The Persuasive Writing Skills of Children
My daughter recently had to take a writing test mandated by the state. The format of this particular test was to have the kids write a "persuasive letter". The topic, which the kids could take either side of, was "Should schools add an additional two weeks to the annual school schedule?"
I thought it outstanding that persuasive writing skills of the 7th graders were tested simply because good persuasive writing might be the most important type of writing a child should learn to do well. It is a skill that will be used their entire life.
Paul Chartrand, a former Maine State Legislator and now wine importer, has certainly put the talent of persuasive writing to good use in a letter to the Kennebec Journal Morning Sentinel that argues against the pending Direct Wine Sales legislation in that state. What Mr. Chartrand’s letter demonstrates is that good persuasive writing combined with a disregard for the truth can often make a poor argument appear much better than it is.
From Mr. Chartrand’s letter:
"For a small state, Maine already has an incredible choice of
wines and beers available to customers through our wholesale
and retail distribution….Can a Maine retail
customer buy every single wine available in the United States?
Wineries not selling in Maine have chosen to
bypass the state in their nationwide distribution plans in order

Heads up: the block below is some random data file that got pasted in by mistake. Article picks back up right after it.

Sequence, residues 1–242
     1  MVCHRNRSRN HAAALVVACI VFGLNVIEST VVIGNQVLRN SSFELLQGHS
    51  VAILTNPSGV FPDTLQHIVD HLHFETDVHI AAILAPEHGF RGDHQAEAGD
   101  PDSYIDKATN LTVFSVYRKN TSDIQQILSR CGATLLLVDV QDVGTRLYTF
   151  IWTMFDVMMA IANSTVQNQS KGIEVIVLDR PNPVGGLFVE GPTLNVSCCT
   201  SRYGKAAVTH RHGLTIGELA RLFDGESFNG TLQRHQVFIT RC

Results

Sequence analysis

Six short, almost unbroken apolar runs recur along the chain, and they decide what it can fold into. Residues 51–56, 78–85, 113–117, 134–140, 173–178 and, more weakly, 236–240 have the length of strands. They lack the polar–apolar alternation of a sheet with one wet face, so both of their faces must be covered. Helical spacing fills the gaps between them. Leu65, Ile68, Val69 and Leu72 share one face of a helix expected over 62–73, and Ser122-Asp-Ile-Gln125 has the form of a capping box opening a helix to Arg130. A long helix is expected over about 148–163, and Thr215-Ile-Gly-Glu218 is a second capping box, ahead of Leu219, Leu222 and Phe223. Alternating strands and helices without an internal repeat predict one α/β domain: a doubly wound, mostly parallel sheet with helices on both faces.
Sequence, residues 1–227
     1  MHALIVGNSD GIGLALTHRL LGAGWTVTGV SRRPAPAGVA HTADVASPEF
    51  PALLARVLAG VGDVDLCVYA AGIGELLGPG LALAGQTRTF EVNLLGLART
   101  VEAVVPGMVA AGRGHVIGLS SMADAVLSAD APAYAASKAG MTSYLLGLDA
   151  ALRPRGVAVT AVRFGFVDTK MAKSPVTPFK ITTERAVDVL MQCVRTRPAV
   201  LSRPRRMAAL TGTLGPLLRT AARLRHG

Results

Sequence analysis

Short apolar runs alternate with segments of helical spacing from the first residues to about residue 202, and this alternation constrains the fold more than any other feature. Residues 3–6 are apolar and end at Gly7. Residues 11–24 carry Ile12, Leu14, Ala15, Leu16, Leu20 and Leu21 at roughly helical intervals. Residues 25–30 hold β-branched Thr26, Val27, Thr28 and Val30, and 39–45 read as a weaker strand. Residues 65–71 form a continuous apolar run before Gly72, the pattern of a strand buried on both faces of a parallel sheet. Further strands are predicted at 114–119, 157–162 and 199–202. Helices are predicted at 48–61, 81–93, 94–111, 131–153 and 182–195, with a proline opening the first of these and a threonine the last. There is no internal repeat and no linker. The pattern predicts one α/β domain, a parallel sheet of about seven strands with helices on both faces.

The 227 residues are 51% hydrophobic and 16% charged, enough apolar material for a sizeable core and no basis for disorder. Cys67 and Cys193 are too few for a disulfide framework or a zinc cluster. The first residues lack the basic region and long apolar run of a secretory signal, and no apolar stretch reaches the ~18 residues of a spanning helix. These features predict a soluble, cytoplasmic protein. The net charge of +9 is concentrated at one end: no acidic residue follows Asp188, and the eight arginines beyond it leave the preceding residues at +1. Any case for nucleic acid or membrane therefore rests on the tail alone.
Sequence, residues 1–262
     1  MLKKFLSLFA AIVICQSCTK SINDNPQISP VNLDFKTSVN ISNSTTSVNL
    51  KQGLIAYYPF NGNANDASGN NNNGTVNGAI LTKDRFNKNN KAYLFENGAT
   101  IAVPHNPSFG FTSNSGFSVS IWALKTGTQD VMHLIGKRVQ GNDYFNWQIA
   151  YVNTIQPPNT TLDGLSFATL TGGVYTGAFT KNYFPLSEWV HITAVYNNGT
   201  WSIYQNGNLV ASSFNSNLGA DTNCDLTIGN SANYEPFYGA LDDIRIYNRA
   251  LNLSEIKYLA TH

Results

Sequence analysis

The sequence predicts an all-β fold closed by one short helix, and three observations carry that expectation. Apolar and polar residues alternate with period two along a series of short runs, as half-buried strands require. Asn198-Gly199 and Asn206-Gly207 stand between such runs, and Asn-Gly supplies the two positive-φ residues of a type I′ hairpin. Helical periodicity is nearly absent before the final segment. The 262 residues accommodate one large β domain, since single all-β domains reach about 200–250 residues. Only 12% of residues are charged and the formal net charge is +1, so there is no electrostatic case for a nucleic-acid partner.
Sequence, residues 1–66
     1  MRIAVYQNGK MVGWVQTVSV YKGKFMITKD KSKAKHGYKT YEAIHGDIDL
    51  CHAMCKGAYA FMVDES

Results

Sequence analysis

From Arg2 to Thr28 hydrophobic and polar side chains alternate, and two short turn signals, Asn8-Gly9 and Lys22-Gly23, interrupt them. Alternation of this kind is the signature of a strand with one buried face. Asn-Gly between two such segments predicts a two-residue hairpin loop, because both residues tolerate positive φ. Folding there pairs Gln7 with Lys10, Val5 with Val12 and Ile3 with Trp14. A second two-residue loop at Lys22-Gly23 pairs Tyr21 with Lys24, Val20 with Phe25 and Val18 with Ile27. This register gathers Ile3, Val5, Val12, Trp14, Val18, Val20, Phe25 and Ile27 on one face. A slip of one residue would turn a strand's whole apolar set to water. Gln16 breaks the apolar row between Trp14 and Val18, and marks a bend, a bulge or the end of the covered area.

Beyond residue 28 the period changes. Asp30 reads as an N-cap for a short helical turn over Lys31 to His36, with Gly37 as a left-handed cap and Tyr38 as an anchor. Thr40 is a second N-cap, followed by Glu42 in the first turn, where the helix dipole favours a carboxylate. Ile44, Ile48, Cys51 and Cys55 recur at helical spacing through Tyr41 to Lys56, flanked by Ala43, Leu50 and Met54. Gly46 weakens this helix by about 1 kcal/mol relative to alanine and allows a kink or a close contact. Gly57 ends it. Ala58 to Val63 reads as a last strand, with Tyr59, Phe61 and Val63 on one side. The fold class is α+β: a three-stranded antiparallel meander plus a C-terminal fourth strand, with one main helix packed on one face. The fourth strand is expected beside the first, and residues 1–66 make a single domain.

to avoid the time and cost involved, while focusing their
resources on larger markets. They could pay Maine license fees,
register their products and develop distribution, but they refuse
to undertake that task."
There’s nothing about this part of the letter that is untrue. In fact, Mr. Chartrand’s description of why many wineries choose not to distribute wine in Maine is dead on. But what’s brilliant about this short description of the circumstance that result in many wines remaining unavailable to Maine consumers is the subtle insinuation that the wineries that choose not to distribute their wine in Maine are just lazy. They just don’t want to go through the process. But here’s where Mr. Chartrand’s writing skills are on display. He wisely fails to note that it’s not simply a matter of "registering" one’s wines and a simple task to "develop distribution." Rather, a wholesaler in Maine must agree to distribute your a wine before the winery can enter the state. As in most other states, the only wines that are distributed in Maine are the one’s that are chosen by distributors, making Maine, like most others, a state whose selection of wines are determined by a very tiny group of folks who have no contact with consumers and usually have no interest in distributing a wines that are made in very small supply.
Then Mr. Chartrand goes on to use a writing technique I like to call, "Inserting and twisting".
"Instead they [wineries, presumably] whine, pressuring Maine
customers and government for an easy way into the state,
avoiding the work and fees the rest of us pay to sell here. Rather
than admitting Maine customers are not so important to them,
these wineries cleverly blame big government."